Bank robber Duke Benson (Douglas Fowley), Public Enemy No. 1, is hiding in plain sight in Southern California suburbia, along with his wife Jeanie (Isabel Jewell). (This aspect called to mind THE BIG CAPER, released 20 years later.) When Duke realizes that he's literally holding a winning lottery ticket, he's got to travel east to the point of purchase to cash it in. Duke and Jeanie split up for the trip, with Duke taking the train and Jeanie flying to their destination.
On the train Duke meets Anne (Gloria Stuart of TITANIC fame), who's evading a process server, and Frank (Brian Donlevy), a newspaper reporter. In reality Anne is a reporter and Frank is a G man on Duke's trail.
I found this 66-minute film a lot of fun, with a solid script, strong cast, and attractive setting. Donlevy and Stuart are appealing leads, with Stuart particularly good as a self-confident young woman.
Watching Anne and Frank eat breakfast on elegant china in the dining car, while rain pours on the windows, or seeing them singing under the stars on a train car's back deck, I can't help feeling a little envious of a bygone world. I'm not sure I'd ever want to get off the train!
Stepin Fetchit is prominent in the supporting cast as a slow-moving porter named Flash; I have to admit that he got me to laughing more than once, particularly as he called out the names of cities or belatedly shouted "All aboard!" after the train has already pulled out. Setting aside the well-worn debate over the appropriateness of his type of character, the man had great comic timing and deserves his due in that regard.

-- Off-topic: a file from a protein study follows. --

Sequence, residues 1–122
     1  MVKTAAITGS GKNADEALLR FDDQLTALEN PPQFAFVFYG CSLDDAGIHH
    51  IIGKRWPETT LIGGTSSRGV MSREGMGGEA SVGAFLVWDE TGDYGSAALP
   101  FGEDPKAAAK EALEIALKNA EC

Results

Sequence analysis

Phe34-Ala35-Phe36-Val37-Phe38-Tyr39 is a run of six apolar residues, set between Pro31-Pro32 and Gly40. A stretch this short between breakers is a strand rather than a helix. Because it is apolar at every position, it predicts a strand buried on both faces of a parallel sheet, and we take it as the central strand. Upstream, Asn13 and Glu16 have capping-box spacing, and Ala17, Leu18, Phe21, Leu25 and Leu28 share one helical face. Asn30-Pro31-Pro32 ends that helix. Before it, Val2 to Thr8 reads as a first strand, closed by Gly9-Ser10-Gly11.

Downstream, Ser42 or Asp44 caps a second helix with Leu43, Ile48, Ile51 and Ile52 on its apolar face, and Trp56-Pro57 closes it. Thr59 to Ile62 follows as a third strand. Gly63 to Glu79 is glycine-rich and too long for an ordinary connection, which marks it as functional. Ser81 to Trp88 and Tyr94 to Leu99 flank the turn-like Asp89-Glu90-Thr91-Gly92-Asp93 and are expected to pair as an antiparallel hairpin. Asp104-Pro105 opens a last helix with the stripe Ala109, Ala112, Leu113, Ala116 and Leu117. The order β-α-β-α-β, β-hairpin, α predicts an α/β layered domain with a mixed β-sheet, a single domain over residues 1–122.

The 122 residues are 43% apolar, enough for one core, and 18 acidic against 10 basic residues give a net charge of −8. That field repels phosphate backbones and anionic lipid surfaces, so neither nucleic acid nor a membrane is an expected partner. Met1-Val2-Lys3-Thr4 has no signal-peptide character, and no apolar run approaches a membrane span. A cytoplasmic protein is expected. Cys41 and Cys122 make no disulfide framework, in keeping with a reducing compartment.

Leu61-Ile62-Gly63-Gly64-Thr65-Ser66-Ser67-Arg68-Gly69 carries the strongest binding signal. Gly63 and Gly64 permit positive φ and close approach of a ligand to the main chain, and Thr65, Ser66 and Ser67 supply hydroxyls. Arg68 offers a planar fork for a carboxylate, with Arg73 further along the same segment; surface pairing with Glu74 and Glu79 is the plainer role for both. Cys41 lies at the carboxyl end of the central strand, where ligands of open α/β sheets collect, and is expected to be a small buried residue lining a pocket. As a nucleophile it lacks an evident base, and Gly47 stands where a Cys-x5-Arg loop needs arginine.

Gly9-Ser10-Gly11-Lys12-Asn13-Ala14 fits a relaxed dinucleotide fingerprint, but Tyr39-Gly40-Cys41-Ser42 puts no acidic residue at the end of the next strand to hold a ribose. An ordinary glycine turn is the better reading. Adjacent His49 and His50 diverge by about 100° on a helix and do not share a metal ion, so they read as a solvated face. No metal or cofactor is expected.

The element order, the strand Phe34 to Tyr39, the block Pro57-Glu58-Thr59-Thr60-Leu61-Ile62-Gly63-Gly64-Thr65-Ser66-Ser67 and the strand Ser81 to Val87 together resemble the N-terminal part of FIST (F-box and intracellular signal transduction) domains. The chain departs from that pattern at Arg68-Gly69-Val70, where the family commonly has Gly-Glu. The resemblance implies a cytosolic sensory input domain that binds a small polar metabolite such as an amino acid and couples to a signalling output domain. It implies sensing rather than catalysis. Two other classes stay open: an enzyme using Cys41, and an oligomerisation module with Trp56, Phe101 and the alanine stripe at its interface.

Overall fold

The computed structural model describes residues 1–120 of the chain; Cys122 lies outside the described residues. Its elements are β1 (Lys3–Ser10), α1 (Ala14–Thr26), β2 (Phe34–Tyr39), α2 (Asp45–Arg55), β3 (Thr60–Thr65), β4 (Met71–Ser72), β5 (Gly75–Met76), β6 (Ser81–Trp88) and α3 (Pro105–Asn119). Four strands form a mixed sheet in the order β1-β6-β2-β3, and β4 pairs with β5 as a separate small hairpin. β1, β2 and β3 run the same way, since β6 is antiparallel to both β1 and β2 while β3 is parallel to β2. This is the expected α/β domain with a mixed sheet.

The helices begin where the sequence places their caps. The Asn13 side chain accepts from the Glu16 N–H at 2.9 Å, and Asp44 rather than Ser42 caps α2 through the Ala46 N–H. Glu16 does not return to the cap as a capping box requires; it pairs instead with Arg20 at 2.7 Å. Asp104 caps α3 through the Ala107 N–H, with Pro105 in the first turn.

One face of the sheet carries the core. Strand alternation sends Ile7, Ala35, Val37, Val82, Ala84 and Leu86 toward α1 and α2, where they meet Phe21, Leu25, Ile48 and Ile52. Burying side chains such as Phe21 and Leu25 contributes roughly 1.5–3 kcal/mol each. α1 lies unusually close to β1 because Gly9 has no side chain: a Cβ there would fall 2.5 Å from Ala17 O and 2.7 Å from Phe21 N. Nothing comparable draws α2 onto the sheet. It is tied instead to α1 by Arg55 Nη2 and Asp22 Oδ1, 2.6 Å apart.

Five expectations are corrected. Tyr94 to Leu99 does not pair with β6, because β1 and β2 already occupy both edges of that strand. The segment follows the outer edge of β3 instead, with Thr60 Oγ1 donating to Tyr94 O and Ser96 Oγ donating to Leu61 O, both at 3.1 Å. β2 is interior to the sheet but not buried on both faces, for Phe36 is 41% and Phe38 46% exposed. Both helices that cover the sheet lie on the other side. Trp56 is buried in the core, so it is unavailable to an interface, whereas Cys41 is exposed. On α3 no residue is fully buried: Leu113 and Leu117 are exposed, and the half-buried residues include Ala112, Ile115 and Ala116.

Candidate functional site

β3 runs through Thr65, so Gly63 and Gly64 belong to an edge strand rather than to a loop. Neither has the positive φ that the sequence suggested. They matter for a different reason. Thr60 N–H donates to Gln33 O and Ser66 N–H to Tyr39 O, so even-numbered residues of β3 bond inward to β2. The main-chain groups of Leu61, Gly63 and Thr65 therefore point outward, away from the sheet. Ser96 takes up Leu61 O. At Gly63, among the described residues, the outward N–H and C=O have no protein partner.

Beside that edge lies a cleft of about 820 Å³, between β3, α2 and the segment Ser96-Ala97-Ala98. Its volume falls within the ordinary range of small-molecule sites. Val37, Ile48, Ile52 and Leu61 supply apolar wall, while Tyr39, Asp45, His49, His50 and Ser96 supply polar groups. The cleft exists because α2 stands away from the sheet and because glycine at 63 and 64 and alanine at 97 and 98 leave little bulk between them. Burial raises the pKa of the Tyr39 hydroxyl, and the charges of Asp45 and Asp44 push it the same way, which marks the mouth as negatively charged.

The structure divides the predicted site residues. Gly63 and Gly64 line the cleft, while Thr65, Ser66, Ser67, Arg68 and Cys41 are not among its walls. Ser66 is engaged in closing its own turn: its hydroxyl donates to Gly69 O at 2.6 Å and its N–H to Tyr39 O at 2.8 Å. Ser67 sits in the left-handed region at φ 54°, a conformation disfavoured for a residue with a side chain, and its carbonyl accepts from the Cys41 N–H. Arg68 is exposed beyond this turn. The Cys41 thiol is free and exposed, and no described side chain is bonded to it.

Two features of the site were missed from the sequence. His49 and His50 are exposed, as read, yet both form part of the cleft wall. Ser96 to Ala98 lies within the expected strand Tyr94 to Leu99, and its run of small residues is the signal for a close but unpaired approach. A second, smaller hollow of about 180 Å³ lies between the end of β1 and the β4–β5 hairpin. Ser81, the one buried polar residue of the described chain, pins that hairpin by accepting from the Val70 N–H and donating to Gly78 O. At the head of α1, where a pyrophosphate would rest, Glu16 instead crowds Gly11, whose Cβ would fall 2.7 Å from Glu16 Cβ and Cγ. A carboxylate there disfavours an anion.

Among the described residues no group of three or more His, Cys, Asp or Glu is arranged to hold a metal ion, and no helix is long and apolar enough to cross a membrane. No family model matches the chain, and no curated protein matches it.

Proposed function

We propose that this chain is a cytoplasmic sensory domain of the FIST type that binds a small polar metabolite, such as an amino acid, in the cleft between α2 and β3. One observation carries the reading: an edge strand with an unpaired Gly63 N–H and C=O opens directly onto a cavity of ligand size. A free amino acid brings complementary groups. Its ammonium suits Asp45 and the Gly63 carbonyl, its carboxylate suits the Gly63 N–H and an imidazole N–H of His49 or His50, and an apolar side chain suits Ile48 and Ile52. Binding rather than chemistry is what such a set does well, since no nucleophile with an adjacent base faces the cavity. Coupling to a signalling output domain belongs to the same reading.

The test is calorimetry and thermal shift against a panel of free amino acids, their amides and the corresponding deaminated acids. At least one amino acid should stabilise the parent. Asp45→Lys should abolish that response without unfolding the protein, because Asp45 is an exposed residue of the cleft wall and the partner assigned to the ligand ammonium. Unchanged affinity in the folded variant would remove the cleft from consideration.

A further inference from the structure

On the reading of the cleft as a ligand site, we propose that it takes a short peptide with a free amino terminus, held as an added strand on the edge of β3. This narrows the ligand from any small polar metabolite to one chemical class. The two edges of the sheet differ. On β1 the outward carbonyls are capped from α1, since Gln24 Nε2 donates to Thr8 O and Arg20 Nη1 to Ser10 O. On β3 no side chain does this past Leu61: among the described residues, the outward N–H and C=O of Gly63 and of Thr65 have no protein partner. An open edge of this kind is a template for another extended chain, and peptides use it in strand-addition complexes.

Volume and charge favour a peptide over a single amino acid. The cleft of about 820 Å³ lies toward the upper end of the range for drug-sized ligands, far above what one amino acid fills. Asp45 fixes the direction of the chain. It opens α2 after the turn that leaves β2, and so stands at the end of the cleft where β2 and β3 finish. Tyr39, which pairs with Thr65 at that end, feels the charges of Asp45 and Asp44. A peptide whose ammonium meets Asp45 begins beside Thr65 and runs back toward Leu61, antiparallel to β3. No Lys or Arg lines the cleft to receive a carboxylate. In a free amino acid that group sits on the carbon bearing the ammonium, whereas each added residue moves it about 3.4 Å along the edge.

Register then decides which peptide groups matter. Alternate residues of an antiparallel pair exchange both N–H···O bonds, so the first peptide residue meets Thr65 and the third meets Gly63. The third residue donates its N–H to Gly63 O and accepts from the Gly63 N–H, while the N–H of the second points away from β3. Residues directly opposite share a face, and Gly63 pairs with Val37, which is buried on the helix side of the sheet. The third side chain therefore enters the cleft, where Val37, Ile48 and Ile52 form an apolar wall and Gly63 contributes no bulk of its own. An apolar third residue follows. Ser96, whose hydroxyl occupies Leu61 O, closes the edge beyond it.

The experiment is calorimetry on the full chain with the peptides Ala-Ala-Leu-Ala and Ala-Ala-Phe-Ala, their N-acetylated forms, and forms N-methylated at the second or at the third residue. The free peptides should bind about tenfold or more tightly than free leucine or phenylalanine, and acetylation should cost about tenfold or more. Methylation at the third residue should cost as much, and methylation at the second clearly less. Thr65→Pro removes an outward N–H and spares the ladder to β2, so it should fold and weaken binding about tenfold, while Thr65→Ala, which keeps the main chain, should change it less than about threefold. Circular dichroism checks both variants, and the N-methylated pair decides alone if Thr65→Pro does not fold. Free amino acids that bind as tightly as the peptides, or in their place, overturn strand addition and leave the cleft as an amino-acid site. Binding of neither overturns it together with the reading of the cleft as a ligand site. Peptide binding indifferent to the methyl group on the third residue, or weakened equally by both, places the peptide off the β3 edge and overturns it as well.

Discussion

Also in the cast are Warren Hymer, Charles Lane, Julius Tannen, Jonathan Hale, and Dickie Jones. Lynn Bari is listed as a "traveler" by IMDb but I didn't spot her.
36 HOURS TO KILL was directed by Eugene Forde and filmed by Arthur Miller. The screenplay by Lou Breslow and John Patrick was based on a story by W.R. Burnett, who wrote the stories or screenplays for many well-known crime films, Westerns, and war movies.
The movie is available on DVD in a nice print from Fox Cinema Archives. (My experience to date with that very inconsistent line is that the '30s and early '40s prints tend to be better than some of the later prints.) I rented it from ClassicFlix.
The movie also got a thumbs up from John McElwee at Greenbriar Picture Shows.
36 HOURS TO KILL would make a great double bill with another Fox movie set aboard a train traveling in the opposite direction, SLEEPERS WEST (1941).